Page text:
Ag's HR Coach

It's Time to Talk

Lori Culler
By  Lori Culler , DTN Farm Business Adviser
Setting expectations, communicating in-the-moment and scheduling ongoing meetings are just three ways you can improve your team's communication. (Progressive Farmer photo by Getty Images)

Family-run farms offer a great way of life, where both relatives and employees alike are treated as family. A smaller, close-knit team does have its downfalls. It often creates an environment where it's difficult to hold tougher conversations and address problems. That's why many farmers love working with equipment and the crops: Simply put, there is no human factor to deal with.

Communication is one of the factors that will make or break the performance of the team. Just because communication is a natural human behavior, that doesn't mean it comes easily. For many, it's a skill honed over time.

Communication, or lack thereof, has its pitfalls. Whether it's the negative attitude of your best mechanic or a constant lack of awareness from your operator in managing the details, clear communication is the only answer that will result in improvement.

As humans, we typically avoid conflict, and our natural tendencies to deal with the issue only end up making it worse. Sometimes we avoid the situation altogether, which causes tension to build. Other times, we end up talking to someone else about the problem, which is never just one conversation. It ends up being a daily or weekly complaint about the same issues. I've also seen the occasional joking jab at addressing the issue. This leads to more confusion by the employee on whether it is or isn't an issue. Not only do these common reactions to avoiding the conversation not solve the problem, but it also takes time, energy and focus away from the farm.

With all these pitfalls, combating and preventing communication issues can seem like a daunting task. But it can really be quite simple: Set expectations, communicate in-the-moment and schedule ongoing meetings.

Set expectations early to ideally prevent issues from arising. Guidelines can detail employees' responsibilities, how specific situations are handled and when a lighthearted situation becomes more serious.

If all employees know how to handle communication on the farm, it prevents confusion and conflict. For new hires, a dairy farm in Michigan reviews their management style and what they should expect from employees in terms of communication. Each owner talks about their own tendencies; one shared that they are more direct and prefer to know the details throughout the day. This allows the employees to flex with that style.

However, difficult discussions will inevitably arise despite your precautions, and how you approach the conversation is a key element in successfully navigating the discussion with an employee. It's better to handle it sooner rather than later. If left alone, the tension on your end builds, and the employee is frustrated that you didn't say something earlier.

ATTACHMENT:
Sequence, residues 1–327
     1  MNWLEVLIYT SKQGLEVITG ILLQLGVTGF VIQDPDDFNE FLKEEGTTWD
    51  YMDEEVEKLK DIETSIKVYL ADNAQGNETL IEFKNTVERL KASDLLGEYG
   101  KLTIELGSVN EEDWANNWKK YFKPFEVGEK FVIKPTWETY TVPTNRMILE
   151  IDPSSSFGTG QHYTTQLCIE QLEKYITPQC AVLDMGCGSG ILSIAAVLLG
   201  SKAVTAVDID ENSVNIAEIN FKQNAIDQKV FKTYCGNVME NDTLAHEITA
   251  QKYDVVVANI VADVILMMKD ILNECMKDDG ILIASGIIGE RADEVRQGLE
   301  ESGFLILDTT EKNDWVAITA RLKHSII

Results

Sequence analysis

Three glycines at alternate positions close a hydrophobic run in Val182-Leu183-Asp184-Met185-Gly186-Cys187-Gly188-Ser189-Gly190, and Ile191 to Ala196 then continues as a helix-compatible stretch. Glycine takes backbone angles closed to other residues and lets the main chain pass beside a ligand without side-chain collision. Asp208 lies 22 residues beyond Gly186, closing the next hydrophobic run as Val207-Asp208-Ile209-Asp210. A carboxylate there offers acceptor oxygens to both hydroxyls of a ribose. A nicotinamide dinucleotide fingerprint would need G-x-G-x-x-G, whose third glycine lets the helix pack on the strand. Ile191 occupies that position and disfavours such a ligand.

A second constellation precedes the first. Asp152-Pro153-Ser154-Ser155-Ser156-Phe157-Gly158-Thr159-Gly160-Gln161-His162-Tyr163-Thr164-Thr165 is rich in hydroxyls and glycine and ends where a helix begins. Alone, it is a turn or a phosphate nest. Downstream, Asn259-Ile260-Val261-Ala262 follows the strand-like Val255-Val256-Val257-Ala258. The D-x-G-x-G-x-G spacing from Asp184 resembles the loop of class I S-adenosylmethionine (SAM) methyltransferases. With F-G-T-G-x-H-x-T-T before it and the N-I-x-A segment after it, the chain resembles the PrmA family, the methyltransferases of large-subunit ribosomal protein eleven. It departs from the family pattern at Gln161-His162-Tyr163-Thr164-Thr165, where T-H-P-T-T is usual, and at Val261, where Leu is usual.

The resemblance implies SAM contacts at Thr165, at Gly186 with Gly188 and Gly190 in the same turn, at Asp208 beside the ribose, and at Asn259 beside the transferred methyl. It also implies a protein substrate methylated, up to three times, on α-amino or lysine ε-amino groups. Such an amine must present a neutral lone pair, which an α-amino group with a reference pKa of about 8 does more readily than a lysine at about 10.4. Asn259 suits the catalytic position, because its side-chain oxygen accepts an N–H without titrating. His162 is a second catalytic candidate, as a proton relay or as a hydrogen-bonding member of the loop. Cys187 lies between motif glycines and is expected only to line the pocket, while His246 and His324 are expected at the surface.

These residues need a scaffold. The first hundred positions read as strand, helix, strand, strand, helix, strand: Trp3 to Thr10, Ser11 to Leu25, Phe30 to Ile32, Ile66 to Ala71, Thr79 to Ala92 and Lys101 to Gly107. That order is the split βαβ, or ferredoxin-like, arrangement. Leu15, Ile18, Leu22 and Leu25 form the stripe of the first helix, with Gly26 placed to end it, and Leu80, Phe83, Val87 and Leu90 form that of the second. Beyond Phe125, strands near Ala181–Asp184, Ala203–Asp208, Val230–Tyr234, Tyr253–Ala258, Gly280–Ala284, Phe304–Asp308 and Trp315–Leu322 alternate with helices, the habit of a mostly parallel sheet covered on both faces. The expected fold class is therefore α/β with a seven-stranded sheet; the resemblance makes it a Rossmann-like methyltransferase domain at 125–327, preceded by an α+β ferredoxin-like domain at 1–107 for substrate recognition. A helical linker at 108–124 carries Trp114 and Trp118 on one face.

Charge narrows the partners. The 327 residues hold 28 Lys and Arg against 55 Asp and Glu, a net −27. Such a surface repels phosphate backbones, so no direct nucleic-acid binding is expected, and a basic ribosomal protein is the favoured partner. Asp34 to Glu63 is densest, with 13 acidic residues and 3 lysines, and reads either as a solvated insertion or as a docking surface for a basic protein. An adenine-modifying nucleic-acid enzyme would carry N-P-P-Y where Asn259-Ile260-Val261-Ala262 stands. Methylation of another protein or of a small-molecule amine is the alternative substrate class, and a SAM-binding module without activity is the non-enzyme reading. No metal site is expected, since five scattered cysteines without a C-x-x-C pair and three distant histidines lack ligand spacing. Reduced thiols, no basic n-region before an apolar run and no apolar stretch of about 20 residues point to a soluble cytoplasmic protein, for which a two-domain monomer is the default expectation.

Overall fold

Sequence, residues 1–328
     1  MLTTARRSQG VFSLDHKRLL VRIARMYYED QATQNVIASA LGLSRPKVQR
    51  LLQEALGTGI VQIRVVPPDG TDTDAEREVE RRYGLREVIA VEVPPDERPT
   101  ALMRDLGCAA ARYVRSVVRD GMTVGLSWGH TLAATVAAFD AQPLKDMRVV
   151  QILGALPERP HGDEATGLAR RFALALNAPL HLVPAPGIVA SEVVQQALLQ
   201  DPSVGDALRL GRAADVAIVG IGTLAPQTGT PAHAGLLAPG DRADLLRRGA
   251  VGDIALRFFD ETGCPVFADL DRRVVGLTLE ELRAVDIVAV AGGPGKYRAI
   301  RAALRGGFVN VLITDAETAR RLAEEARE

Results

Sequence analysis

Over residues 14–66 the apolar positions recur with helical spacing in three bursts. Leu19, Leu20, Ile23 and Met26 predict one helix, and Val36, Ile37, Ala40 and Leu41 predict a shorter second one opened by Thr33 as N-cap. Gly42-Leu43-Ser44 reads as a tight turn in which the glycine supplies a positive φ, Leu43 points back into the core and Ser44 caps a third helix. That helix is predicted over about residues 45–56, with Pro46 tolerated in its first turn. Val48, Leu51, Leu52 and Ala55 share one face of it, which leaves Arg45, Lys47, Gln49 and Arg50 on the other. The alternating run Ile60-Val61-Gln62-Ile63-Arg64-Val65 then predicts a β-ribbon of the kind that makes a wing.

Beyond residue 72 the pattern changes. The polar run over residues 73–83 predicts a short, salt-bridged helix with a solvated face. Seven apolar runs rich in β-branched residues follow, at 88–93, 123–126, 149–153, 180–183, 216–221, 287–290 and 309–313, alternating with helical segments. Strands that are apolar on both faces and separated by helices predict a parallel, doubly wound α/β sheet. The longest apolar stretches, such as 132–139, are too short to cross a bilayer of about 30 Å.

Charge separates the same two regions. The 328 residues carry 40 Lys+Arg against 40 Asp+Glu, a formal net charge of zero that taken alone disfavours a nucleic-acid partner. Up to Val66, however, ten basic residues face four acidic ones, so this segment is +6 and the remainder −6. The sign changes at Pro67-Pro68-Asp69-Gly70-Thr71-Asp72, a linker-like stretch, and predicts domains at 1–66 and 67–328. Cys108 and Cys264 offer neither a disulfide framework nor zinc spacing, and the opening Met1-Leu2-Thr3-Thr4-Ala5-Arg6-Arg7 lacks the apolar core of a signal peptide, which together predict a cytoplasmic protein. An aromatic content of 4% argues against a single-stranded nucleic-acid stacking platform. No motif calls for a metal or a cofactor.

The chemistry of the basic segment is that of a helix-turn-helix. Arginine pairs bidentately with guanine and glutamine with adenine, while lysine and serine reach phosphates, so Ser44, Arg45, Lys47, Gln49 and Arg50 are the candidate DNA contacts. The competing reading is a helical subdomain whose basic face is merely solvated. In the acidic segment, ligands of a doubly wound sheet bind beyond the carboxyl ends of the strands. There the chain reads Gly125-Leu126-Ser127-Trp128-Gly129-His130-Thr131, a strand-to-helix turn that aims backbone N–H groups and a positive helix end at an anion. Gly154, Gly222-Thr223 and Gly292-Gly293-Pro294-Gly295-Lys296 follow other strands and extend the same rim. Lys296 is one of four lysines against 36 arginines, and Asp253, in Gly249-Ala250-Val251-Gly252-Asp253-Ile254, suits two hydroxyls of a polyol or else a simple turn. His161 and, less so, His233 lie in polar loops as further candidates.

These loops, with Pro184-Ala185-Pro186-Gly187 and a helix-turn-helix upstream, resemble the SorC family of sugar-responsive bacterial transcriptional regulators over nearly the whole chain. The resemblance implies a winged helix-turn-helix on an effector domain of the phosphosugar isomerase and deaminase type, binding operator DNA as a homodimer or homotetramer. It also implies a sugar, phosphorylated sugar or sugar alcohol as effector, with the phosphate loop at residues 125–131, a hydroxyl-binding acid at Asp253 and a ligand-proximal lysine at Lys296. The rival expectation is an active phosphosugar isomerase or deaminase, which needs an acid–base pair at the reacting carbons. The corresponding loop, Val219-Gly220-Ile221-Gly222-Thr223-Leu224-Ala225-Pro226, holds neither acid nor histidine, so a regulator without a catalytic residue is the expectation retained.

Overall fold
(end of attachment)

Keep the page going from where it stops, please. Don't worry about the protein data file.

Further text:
It's also helpful to prepare for the conversation beforehand. Write down some of the points you would like to make, and be prepared for the various responses you might receive. Try to see the situation from the other person's point of view and listen. You may need to adjust your strategy or message during the conversation. I've had plenty of discussions where I was transparent; I saw some setbacks and discussed what I was looking for going forward. Not only did the employee acknowledge it, but they came up with their own solution, which was better than mine.

Constructive feedback needs to be articulate and clear about future expectations. Be positive that they have the capability to make the necessary changes, but be careful not to sugarcoat the message too much. Too many compliments can lead to confusion about the message you are trying to relay.

To take your communication a step further, invite your employees for a set one-on-one meeting on a quarterly basis. Whether you meet in your office or over lunch, face-to-face meetings are the best way to engage with your employee. Nearly 90% of communication is expressed through nonverbal behaviors, such as body language and facial expressions. The rest is communicated verbally. Not only is a one-on-one meeting beneficial, it can show you where the faulty spots are in your farm's approach to communication.

The foundation for healthy conversations starts with listening and creating an environment where employees can openly share ideas and concerns. They can offer vital feedback on your communication skills as well as the operation's communication. They will also be more open to receiving feedback from you as well.

Effective communication is the key to a smooth-running operation, and lack of it can spell disaster. Take a moment to think about it: What conversations have you been avoiding? If you are spending too much time frustrated with an ongoing issue, it's time to talk about it. It's never too late to address an issue even if it's been swept under the rug for a long time.

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Editor's Note: Lori Culler grew up on a vegetable and grain farm and is the founder of AgHires (https://aghires.com/…), a national employment recruiting service and online ag job board based in Temperance, Michigan. Email lori@aghires.comand find other labor management tips under Resources at www.dtnpf.com.

(KD/BAS/AG)

Lori Culler